Commercial Oyster Industry
Mississippi Commercial Oyster Industry
The annual Mississippi commercial Eastern oyster landings (in million pounds) since 1980 are shown below. There were a lot of years between 1880 and 1948 when data on annual landings were not available. The data from 1880 to 1949 were retrieved from the available copies of the annual reports published by NOAA Fisheries. The data from 1950 to 2018 were compiled from the NOAA Fisheries website.
In response to requests by state regulatory agencies and seafood organizations, the 2009 (and later) economic contributions of the Mississippi seafood industry by major species were imputed from state estimates published by NOAA Fisheries. Extension and research publications were developed to document the economic contributions of the major seafood species landed, processed, sold, and consumed in Mississippi.
Sales are the gross sales by businesses within the economic region affected by an activity. Sales, income, value-added, and tax contributions are measured in dollars. Employment or job contribution is expressed in terms of a mix of both full-time and part-time jobs. The total economic contribution is the sum of direct, indirect, and induced contributions.
The economic contributions of the oyster industry in 2009 are shown in the table below. The sales contributions reached $23.72 million in 2009 and generated 562 full-time and part-time jobs. Income contribution was $9.0 million, and value-added created was $11.9 million. The industry added tax impacts reaching $1.15 million.
|2009 Economic Impacts of Mississippi Oyster Industry By Sector Without Imports|
|Sector||Sales impacts (M$)||Job impacts||Income impacts (M$)||Value-added impacts (M$)||Indirect tax impacts (M$)|
Table 1 shows estimates of the 2009 economic contributions of the
Mississippi oyster industry from MAFES Bulletin 1209.
The economic impacts of the Mississippi oyster industry in 2011 are shown in the table below. The sales impacts of the industry reached more than $13 million in 2011 and created about 354 full-time and part-time jobs in the same year. Income contribution was $5.62 million, and value-added created was $7.18 million. The industry added tax impacts reaching $1.32 million.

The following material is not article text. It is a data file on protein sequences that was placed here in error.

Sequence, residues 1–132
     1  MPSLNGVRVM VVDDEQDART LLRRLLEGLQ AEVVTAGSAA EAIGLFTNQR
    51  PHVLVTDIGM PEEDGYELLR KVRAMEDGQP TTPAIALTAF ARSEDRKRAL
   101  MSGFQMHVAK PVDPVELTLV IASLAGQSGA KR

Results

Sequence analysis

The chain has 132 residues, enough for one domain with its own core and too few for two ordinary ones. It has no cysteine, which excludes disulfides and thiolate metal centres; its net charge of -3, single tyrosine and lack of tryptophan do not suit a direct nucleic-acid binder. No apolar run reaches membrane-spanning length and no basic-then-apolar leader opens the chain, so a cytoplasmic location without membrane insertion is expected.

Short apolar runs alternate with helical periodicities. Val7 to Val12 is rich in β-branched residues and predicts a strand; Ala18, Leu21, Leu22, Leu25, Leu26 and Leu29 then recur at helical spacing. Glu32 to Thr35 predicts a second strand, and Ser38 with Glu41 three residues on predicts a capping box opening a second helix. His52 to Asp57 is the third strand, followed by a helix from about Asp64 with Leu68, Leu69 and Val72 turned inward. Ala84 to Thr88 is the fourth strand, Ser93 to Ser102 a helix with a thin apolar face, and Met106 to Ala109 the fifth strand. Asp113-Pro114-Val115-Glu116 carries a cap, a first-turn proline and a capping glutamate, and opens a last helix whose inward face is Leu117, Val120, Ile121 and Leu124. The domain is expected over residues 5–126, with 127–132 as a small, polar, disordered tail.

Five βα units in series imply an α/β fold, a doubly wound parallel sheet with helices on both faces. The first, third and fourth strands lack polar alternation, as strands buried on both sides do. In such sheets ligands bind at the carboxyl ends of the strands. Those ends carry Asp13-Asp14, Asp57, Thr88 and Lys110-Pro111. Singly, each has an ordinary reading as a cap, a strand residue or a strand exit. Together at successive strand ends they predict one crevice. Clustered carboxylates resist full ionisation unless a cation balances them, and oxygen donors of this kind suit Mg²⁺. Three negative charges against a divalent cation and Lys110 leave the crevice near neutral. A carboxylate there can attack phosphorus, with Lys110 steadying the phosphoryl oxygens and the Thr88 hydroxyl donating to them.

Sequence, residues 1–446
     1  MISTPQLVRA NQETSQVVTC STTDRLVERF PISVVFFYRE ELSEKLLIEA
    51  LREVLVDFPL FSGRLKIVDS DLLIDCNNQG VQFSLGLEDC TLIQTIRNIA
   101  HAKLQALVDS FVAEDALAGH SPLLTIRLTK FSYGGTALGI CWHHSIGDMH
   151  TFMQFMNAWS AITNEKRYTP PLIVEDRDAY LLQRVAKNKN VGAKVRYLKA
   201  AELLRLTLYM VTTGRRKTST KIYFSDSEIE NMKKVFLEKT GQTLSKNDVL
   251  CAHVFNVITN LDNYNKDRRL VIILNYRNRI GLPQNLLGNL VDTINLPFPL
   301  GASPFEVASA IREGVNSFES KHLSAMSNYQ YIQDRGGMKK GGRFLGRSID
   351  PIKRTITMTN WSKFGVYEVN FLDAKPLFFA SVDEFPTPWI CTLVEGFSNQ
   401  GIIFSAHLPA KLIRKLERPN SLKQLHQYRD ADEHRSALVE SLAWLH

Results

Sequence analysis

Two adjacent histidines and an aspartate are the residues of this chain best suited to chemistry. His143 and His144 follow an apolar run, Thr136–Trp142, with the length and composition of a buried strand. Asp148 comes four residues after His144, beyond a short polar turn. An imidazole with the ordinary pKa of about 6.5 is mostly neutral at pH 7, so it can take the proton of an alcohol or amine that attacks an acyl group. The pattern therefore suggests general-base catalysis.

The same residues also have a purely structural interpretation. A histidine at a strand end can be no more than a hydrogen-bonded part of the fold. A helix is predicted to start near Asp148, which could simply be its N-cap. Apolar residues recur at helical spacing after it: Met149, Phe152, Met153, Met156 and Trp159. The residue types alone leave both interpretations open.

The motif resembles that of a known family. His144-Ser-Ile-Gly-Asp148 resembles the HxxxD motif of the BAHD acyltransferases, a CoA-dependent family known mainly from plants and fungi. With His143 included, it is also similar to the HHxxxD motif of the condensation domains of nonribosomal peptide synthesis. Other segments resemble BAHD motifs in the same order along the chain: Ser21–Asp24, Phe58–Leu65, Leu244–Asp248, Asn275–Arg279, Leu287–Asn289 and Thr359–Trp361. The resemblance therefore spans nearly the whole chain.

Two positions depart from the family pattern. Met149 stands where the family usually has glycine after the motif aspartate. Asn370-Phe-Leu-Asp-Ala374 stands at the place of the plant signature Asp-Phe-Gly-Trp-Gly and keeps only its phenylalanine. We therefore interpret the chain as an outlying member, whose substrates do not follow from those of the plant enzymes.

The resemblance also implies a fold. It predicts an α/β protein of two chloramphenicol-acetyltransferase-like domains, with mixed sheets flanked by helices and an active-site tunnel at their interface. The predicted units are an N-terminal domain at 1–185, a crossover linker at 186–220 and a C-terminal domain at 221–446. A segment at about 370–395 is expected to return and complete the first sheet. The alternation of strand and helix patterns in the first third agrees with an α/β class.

|2011 Economic Impacts of Mississippi Oyster Industry By Sector Without Imports|
|Sector||Sales impacts (M$)||Job impacts||Income impacts (M$)||Value-added impacts (M$)||Tax impacts (M$)|
Table 2 shows estimates of the 2011 economic contributions of the Mississippi crab industry from https://coastal.msstate.edu/oyster-economic-impact.
Updated 2015 estimates of the economic contributions of the combined crab and oyster industries in Mississippi are shown below. Due to the confidentiality of the 2015 data, NOAA Fisheries estimates were combined for the two sectors. The combined sales contributions totaled $35 million and generated 831 full-time and part-time jobs. Pooled-income contributions were $14.8 million, and value-added created was $18.9 million.
|Economic contributions of Mississippi oyster and crab industry by sector and type, 2015|
|Sector||Sales contributions (M$)||Job contributions||Income contributions (M$)||Value-added contributions (M$)|
|Seafood processors & dealers||4.0||48||1.6||2.0|
|Seafood wholesalers & distributors||3.2||31||1.1||1.4|
Table 3 shows the combined estimates of the 2015 economic contributions of the Mississippi crab and oyster sectors from Extension publication 3194.
LAPLACE, La. -- Heavy rainfall and snowmelt from the Midwest in 2019 led to three major firsts in the Bonnet Carré Spillway’s history, resulting in a massive influx of fresh water that caused adverse effects on marine life and seafood industries across the Mississippi Gulf Coast.
While the U.S. Army Corps of Engineers is closing the Bonnet Carré Spillway this week, economic impacts of its months-long opening are expected to be felt in the seafood industry for years to come.
ELLISVILLE, Miss. -- Mississippi State University representatives met with agricultural clients in Ellisville recently to discuss research and education needs for 2018. More than 115 individuals attended this year's event.
BILOXI, Miss. -- Mississippi State University researchers and Extension Service agents heard suggestions from Coastal area agricultural producers and industry leaders about the research and education they need from the university in 2017.
The MSU Coastal Research and Extension Center Producer Advisory Council meeting was held on Feb. 28 in Biloxi. The annual meeting helps the university allocate time and resources to the most important issues facing Mississippi's agricultural producers and related industries.
BILOXI, Miss. -- Wild-caught shrimp contribute millions of dollars to Mississippi’s economy each year, and experts say better flavor gives them a competitive advantage over imported and pond-raised shrimp.
Dave Burrage, Mississippi State University Extension Service fisheries specialist, said consumers who participate in blind taste tests tend to prefer the taste of wild-caught Gulf shrimp over that of pond-raised, imported products.